Safety is an important topic for all forklift operators.
Just to name a few, operators must be trained on the specific forklift and in the specific work environment which includes:
- understanding the purpose and function of all features (e.g. horn, alarms, controls, etc.) of the lift truck
- being aware of any potential workplace hazards and how to avoid them
- never operating a forklift for any purpose other than its intended use
- while traveling, do so at a safe speed, look in the direction of travel, and keep the load at a lowered travel height
- always properly securing the load
- and never exceeding the rated capacity of the forklift they are operating
That last bullet point is critical. Keep reading to understand why a forklift’s load capacity is important.
What is the load capacity of a forklift?
A forklift's maximum load capacity, or weight capacity, is the maximum rated load it is allowed to lift for a given forklift and attachment configuration. The stated load capacity of a forklift only applies to the load center indicated on the load capacity data plate. If the load’s center of gravity is not centered at the specified position, the forklift's weight capacity will be reduced. Loads come in all shapes and sizes, not just symmetrical boxes.
What is the maximum weight a forklift can carry?
The maximum weight a forklift can carry depends on several factors. The load size, position and weight distribution all critically affect the forklift's load capacity and the stability of the truck. For example, if a 2,000-pound rectangular box is stood up vertically, the forklift's load capacity will be higher than if it is positioned horizontally with the long end of the box overhanging the forks.
Some forklifts may require additional counterweight be installed to help offset the weight being lifted by the forklift. This helps keep the forklift stable while it’s lifting and moving. Forklifts are designed for maximum carrying capacities using the counterweight for balance, the front wheels as the balance point and the center of the forks as a predetermined location on the forks where the load’s center of gravity needs to be located in order to achieve the maximum load capacity (i.e. load center).
Different load carrying attachments can also have an effect on a forklift's maximum load capacity. It's important to make sure that operators understand the new rated capacity of the forklift whenever a new attachment is used. In some cases, the forklift's maximum rated capacity will be decreased when a different attachment is used.
Mast height can also influence a forklift's maximum rated load capacity, as the rated capacity can be reduced at greater lift heights. Forklifts with high masts may have different capacity ratings for the different lift heights; operators should always refer to the forklift manufacturer's load capacity data plate and the Operator's Manual for mast height capacity ratings.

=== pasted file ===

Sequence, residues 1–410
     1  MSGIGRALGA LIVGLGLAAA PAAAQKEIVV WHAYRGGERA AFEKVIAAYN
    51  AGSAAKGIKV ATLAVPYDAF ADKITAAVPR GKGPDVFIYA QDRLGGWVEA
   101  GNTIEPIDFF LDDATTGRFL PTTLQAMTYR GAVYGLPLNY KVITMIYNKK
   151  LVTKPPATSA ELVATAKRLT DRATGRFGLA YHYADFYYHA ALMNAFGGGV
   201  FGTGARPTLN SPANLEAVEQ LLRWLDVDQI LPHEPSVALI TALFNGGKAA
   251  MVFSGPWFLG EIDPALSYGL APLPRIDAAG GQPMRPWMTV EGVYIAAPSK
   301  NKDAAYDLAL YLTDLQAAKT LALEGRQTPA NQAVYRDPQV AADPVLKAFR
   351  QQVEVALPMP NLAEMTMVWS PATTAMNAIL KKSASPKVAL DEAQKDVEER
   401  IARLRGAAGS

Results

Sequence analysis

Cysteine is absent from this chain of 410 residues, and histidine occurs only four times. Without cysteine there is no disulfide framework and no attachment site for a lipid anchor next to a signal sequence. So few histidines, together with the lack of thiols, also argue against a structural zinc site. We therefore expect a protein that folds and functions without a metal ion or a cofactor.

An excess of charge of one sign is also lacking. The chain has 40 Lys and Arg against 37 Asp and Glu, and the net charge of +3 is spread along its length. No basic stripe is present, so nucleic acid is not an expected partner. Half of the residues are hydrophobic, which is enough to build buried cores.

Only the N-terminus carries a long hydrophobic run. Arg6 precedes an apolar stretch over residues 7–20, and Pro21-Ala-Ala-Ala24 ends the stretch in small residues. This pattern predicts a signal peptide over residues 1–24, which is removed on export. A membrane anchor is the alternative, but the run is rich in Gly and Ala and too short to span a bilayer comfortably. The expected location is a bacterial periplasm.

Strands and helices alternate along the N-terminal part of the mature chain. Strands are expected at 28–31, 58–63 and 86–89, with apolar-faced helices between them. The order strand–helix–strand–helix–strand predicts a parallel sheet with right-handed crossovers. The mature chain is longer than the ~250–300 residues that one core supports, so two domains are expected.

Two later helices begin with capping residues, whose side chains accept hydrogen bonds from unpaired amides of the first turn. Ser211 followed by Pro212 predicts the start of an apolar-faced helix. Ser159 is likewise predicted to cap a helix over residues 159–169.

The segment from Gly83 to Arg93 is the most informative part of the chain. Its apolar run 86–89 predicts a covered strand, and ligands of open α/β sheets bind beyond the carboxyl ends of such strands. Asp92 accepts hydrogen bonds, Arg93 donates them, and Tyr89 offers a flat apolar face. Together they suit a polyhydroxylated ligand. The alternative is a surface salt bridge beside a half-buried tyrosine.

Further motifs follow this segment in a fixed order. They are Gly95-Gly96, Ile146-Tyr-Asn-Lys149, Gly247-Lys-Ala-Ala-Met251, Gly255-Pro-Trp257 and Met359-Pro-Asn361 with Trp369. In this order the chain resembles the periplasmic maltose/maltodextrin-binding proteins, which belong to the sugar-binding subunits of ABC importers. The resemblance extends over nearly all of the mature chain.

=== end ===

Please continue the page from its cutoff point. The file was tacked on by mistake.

Risks of exceeding forklift load capacities
There are several potential hazards that can occur when a forklift exceeds its maximum load capacity. These include, but are not limited to:
- Tipping over
- Dropping the load
To avoid these risks, operators should:
- know where to find the forklift’s load capacity data plate
- understand the effects of a load’s weight, shape, size and position on a forklift's rated capacity
- minimize the distance from the front wheels to the load’s center of gravity
- load the heaviest part towards the mast
What is a forklift load capacity data plate?
All forklifts are equipped with a load capacity data plate. It is usually found in a location that the operator can see from the normal operating position or can easily access. This plate, which also may be in the form of a durable decal, goes by a variety of names including nameplate, data plate, weight plate or load plate. Depending on the forklift make and model, the plate will differ slightly and may display some or all of the following information:
- General forklift information such as: brand and model, serial number, and forklift type.
- Information on parts and components: Tire types and sizes, mast type and front tire tread.
- Weight and load information:
- Forklift weight
- Battery weight
- Attachments used in determining load capacity
- Load capacity
- Maximum lift height
- Load center distances
How to avoid load capacity issues
Here are some basic rules you can follow to avoid running into forklift load capacity issues and unsafe work environments.
- Ensure operators are trained and have read and follow the instructions in the operator’s manual
- Always make sure the forklift is in proper working condition
- Never exceed the forklift’s stated load capacity on the load capacity data plate
- Buy or lease forklifts with a load capacity that’s more than what you need for the job
- Make certain that the load capacity data plate is legible and matches your specific forklift / attachment combination
- Train operators to always know the weight of the loads they are going to carry and to use the load capacity data plate – never make assumptions
- Always travel at a speed that will maintain control of the forklift and load and keep the load in the lowest position possible
Operator awareness and proper training are the best means for accident prevention.
If you still have forklift load capacity questions, contact your local forklift dealer for assistance.